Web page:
Professor Muttukrishnan Rajarajan is a Professor of Security Engineering . He began his career with a BEng in electronic engineering then his PhD at City University of London, followed by working back at City University as a Research Fellow before moving to Logica as a Telecommunications Consultant
Muttukrishnan said he recognised 20 years ago that the boom in cyber security was evolving, hence his move, after working as a telecommunications consultant, into the field and now is the Director of the Institute for Cyber Security for the University.
To date, he has helped graduate more than 30 PhD in the area of cyber security and he continues to supervise a number of students in cloud security, privacy and blockchain.
Muttukrishnan is a senior member of IEEE, the IET and an full member of the Chartered Institute of Information Security and a member of Technical Programme Committees of several security and privacy conferences.
“I see this field as ever changing, which it is. Every day there are new types of threats, so the problems we have to solve are always different and this is the real challenge. But it also makes my job more exciting as I move from one new problem to another. On top of this I work with many different UK industries in ransomware, to cloud, to the Internet of Things and more which is a real spectrum,” he says.
He went on to say he loved the job because it was dealing with real life problems going on on the outside of academia. “How I approach things is I tend to take most of the problems from the industries and then try to identify how we can understand how we solve them through fundamental research, so we can add solutions for the long term.”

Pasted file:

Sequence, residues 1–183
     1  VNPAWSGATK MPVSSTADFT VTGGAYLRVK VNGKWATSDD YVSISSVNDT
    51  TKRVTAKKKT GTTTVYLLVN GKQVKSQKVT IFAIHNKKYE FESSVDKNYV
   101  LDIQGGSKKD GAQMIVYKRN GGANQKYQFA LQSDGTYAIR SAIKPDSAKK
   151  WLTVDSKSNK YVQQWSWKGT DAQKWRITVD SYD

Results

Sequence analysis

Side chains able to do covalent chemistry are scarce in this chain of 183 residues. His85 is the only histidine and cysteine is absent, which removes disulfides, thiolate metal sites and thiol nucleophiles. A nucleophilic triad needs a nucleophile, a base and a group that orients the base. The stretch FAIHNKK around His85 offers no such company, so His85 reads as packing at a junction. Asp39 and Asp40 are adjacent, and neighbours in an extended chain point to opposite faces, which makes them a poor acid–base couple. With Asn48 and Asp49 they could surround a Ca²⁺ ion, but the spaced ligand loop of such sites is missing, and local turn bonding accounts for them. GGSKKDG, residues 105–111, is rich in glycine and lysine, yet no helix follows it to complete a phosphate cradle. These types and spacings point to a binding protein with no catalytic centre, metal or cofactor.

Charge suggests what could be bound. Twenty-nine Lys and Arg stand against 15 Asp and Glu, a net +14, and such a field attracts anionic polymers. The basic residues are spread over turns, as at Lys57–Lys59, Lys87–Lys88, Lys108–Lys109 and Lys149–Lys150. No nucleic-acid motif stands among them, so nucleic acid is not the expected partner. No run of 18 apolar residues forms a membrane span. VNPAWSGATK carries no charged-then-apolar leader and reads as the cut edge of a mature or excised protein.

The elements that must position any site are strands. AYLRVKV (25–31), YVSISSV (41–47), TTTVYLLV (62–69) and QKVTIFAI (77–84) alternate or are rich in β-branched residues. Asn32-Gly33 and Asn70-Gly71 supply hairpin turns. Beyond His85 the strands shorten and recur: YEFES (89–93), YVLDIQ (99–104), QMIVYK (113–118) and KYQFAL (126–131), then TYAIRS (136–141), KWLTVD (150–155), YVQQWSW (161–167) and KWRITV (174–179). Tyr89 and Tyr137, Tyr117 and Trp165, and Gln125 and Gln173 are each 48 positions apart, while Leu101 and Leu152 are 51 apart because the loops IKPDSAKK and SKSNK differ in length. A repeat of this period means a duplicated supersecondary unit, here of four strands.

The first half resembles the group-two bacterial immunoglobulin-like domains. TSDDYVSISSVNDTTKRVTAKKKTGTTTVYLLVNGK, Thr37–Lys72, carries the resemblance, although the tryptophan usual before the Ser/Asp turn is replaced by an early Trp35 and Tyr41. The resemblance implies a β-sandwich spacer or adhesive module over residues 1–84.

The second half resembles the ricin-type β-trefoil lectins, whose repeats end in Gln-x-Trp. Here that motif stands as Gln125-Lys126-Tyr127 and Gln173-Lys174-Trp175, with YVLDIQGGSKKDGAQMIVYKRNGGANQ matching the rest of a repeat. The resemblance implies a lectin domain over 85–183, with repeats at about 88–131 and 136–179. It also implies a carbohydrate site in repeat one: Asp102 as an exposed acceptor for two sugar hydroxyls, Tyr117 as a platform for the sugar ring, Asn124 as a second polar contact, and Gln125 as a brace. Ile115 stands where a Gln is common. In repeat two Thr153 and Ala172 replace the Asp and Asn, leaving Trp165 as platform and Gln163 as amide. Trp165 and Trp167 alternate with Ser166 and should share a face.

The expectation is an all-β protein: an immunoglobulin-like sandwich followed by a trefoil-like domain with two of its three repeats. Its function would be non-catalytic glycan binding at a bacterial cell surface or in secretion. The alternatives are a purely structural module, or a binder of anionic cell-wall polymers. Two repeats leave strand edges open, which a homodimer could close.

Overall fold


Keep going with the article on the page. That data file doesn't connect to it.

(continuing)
So how is his team involved in the work the department does?
Overall, Muttukrishnan says the team tends to pick different research projects working across the European Union and also projects with other industries funded through research councils. “We work with people varying from research assistants to fellows, to junior academics who bring in all different levels of expertise . This can vary from blockchain to psychology, to sociology and then to cyber law for example.
“So from this we get what you can say is a 360 degree perspective, rather than it being a purely technical subject. And that in itself is very interesting. People in the cybersecurity team have backgrounds ranging from social sciences to business, to law and engineering, among others.”
With such a broad spectrum, what would you say are the most important aspects of the job?
“In a word: firefighting. Companies we work with have very tight deadlines and we have to meet these deadlines as well. This is because companies we work with, like BT for example, such deadlines are imposed by the industries or by government agencies and they have deliverables,” explains Muttukrishnan.
He adds: “Many of these topics are very new, which means we have to learn quickly and change along with the nature of the issue, or problem they are identifying and resolving. That in itself is a very big challenge in this space.”
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From an infrastructure perspective, 2U is actually in a really good state because we have a lot of infrastructure as code deployment builds, so have many security guardrails built into those CI/CD pipelines